Nadesalingam family have message to Scott Morrison and Peter Dutton after returning home to Biloela


Tamil family share a message to Scott Morrison and Peter Dutton after being released from four years of detention

  • Nadesalingam family are back living in Biloela for the first time in four years
  • Opened up about lonely time in immigration detention and on Christmas Island
  • Had a surprising response when asked about Scott Morrison and Peter Dutton
  • Family believes ordeal will discourage others from fleeing Sri Lanka by boat 

The Tamil family at the centre of a four-year immigration battle have no bad feelings towards former Prime Minister Scott Morrison, despite spending four years in detention.

The Nadesalingam family have returned home to Biloela in outback Queensland for the first time since Border Force officials took them away in 2018.

Nades and Priya and their two daughters Kopika and Tharnicaa returned to a hero’s welcome on Friday and spent the weekend celebrating their homecoming with the community.

The new Labor government has granted the family bridging visas while their immigration status is being resolved.

The family have opened up on their lonely time in immigration detention, including a two-year stint on Christmas Island to The Project co-host Lisa Wilkinson.

The couple were asked about their views on Mr Morrison and former immigration minister Peter Dutton, who both wanted to keep them in detention.

Nades and Priya Nadesalingam (pictured) have wished former Prime Minister Scott Morrison a good life, despite spending the last four years in immigration detention

Nades and Priya Nadesalingam (pictured) have wished former Prime Minister Scott Morrison a good life, despite spending the last four years in immigration detention

‘I wish his life is a good life, but I don’t worry,’ Priya said.

Wilkinson responded: ‘You wish Scott Morrison and Peter Dutton a good life?’

‘Yes, a good life,’ Priya replied.

The family’s two-year stint as the sole occupants on Christmas Island cost taxpayers $30 million.

‘Very hard, lonely feeling. No other detainees. No good medical,’ Priya said.

‘My children’s childhood lost. My beauty, my everything lost in four years.

In June last year, Tharnicaa got seriously ill with sepsis caused by untreated pneumonia and had to be airlifted to Perth’s Children’s Hospital for emergency treatment.

Tharnicaa, who turned five on Sunday, remembers that time well.

‘My sister looked after me,’ she said.

The Nadesalingam family's homecoming coincided with Tharnicaa's fifth birthday on Sunday

The Nadesalingam family’s homecoming coincided with Tharnicaa’s fifth birthday on Sunday

The Nadesalingams believe their story will discourage others from arriving in Australia by boat, despite reports about several boatloads of refugees leaving Sri Lanka bound for Australia.

The couple arrived in Australia by boat a decade ago as asylum seekers fleeing the civil war in Sri Lanka.

‘This life is very hard,’ Nades said.

He wants to open Bilo’s first Sri Lankan restaurant in the future, while his wife wants to help other refugees.

They’re thrilled with their new three-bedroom home.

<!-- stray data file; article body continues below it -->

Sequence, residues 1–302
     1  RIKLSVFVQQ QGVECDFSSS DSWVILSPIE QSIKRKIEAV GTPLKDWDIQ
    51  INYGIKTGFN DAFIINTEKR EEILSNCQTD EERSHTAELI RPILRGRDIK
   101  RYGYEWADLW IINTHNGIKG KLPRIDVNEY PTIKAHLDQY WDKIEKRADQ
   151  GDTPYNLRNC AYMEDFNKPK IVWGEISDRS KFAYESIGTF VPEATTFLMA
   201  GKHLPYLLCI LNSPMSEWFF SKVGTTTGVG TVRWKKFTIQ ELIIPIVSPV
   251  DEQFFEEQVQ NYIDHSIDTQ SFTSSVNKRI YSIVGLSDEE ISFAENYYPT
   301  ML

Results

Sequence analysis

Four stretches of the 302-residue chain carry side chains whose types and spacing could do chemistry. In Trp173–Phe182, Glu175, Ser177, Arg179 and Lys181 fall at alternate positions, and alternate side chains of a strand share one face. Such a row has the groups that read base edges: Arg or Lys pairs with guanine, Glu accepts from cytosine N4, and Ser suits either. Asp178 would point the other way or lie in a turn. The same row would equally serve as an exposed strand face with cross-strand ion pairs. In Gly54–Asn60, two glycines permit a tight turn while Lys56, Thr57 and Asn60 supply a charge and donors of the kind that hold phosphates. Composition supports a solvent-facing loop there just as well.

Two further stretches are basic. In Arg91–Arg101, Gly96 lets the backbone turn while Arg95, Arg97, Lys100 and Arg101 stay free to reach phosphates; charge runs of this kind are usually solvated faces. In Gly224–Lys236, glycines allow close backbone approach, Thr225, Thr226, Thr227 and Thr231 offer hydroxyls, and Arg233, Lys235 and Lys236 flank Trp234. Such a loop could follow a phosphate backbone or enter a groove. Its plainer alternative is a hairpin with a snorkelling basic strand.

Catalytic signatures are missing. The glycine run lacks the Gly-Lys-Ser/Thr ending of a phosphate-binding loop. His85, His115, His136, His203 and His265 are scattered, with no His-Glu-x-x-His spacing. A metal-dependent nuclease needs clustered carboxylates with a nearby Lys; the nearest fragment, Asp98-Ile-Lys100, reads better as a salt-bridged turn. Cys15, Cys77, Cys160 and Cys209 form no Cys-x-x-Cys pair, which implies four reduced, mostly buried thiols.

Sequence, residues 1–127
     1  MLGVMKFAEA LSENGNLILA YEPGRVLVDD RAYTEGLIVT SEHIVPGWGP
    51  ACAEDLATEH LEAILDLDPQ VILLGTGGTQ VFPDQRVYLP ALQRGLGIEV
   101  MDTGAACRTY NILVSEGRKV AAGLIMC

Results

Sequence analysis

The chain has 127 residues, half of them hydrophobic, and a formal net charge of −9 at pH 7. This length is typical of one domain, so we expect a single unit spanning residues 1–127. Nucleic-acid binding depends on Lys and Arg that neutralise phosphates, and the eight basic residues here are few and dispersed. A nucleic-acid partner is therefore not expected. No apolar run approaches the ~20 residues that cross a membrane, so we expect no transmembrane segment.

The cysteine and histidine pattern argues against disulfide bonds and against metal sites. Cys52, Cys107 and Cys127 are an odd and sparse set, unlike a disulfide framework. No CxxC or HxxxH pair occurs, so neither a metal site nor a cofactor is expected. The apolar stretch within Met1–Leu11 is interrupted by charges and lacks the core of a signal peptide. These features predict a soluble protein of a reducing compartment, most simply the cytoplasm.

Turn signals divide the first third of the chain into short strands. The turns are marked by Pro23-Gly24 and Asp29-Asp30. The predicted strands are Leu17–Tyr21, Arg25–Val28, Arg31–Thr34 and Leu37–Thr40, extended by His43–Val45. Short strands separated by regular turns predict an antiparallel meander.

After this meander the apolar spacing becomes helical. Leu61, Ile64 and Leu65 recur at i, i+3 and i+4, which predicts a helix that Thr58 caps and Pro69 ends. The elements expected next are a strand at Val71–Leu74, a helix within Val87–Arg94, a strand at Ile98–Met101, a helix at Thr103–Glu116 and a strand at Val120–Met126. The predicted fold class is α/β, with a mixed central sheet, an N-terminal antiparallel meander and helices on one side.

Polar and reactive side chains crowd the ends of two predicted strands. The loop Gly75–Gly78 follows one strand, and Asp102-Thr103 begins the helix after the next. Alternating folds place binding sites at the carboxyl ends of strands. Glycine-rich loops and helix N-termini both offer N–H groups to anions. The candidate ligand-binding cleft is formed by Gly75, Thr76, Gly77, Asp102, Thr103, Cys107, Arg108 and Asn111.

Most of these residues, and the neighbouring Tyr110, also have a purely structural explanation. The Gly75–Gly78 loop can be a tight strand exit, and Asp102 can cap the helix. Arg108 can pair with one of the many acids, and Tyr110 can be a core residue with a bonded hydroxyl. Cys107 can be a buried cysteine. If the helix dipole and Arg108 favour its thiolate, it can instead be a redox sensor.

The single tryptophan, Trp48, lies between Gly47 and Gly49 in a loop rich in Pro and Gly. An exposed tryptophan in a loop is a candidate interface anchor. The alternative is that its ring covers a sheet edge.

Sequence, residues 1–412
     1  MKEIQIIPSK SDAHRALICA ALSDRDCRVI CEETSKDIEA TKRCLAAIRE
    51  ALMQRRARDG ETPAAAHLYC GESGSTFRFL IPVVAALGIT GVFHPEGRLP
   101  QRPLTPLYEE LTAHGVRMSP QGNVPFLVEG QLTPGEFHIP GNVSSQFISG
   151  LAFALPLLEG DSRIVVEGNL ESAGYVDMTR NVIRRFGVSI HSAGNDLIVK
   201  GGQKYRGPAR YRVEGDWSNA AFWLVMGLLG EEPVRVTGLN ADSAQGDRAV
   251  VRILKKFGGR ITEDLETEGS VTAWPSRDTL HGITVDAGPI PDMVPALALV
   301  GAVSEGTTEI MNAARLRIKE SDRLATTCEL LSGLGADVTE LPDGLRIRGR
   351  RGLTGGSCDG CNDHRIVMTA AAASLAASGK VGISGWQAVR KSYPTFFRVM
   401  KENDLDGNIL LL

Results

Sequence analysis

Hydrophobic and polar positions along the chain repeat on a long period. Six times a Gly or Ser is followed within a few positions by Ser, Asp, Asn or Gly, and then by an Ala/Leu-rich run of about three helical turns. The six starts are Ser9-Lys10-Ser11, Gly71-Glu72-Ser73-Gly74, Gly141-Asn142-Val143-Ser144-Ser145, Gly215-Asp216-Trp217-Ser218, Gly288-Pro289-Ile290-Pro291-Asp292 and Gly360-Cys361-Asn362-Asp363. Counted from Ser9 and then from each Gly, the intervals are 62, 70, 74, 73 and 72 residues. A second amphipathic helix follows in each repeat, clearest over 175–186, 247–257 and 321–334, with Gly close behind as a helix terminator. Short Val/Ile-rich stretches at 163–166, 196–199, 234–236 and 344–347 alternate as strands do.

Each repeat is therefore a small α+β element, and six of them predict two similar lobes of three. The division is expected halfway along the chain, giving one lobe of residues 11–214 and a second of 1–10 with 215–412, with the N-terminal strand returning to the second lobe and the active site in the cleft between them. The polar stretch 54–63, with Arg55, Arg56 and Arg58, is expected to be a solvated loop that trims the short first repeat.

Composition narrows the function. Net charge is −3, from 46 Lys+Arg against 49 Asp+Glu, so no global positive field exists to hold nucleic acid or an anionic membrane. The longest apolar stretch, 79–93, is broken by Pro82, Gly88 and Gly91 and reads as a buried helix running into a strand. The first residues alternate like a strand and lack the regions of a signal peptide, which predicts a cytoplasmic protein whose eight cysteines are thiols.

‘It feels happy. Good sunshine in the house,’ Priya said.

Both Kopika and Tharnicaa want to become doctors when they grow up.

‘Because we get to help people and give medicine,’ Kopika said.

But not everyone in Biloela is happy the family is back.

‘I think it’s because they might think all the boats will turn up again, and we will have to go through all that stuff and people dying at sea,’ Banana Shire Mayor Nev Ferrier told the program.

‘Nobody wants to see that. Anybody with a heart or knows the family, knows that that is not what that is about.’

Priya and Nades Nadesalingam and their daughters Kopika and Tharnicaa arrived in Biloela to a hero's welcome on Friday, four years after they were removed from the outback town

Priya and Nades Nadesalingam and their daughters Kopika and Tharnicaa arrived in Biloela to a hero’s welcome on Friday, four years after they were removed from the outback town

But family supporter Angela Fredericks believes people will find a way to flee and protest their families if they’re in danger..

‘There is no queue. You know, at the end of the day, people are just going to do what they need to do to stay alive. There is no queue,’ she said.

‘There is not an orderly fashion to this. It’s about life or death.’

At the end of the segment, Wilkinson addressed why Priya and Nades still struggle with their English.

‘Due to their visa situation, they couldn’t access the appropriate government program and when they were in the community, they would have had to take time off work to go to lessons and with a very meagre income, that was a luxury they could not afford, she explained.

‘But they definitely want to get their English going now.’

Priya and Nades Nadesalingam and their daughters Kopika and Tharnicaa were special guests at the  Flourish Multicultural Festival in Biloela on Saturday

Priya and Nades Nadesalingam and their daughters Kopika and Tharnicaa were special guests at the  Flourish Multicultural Festival in Biloela on Saturday

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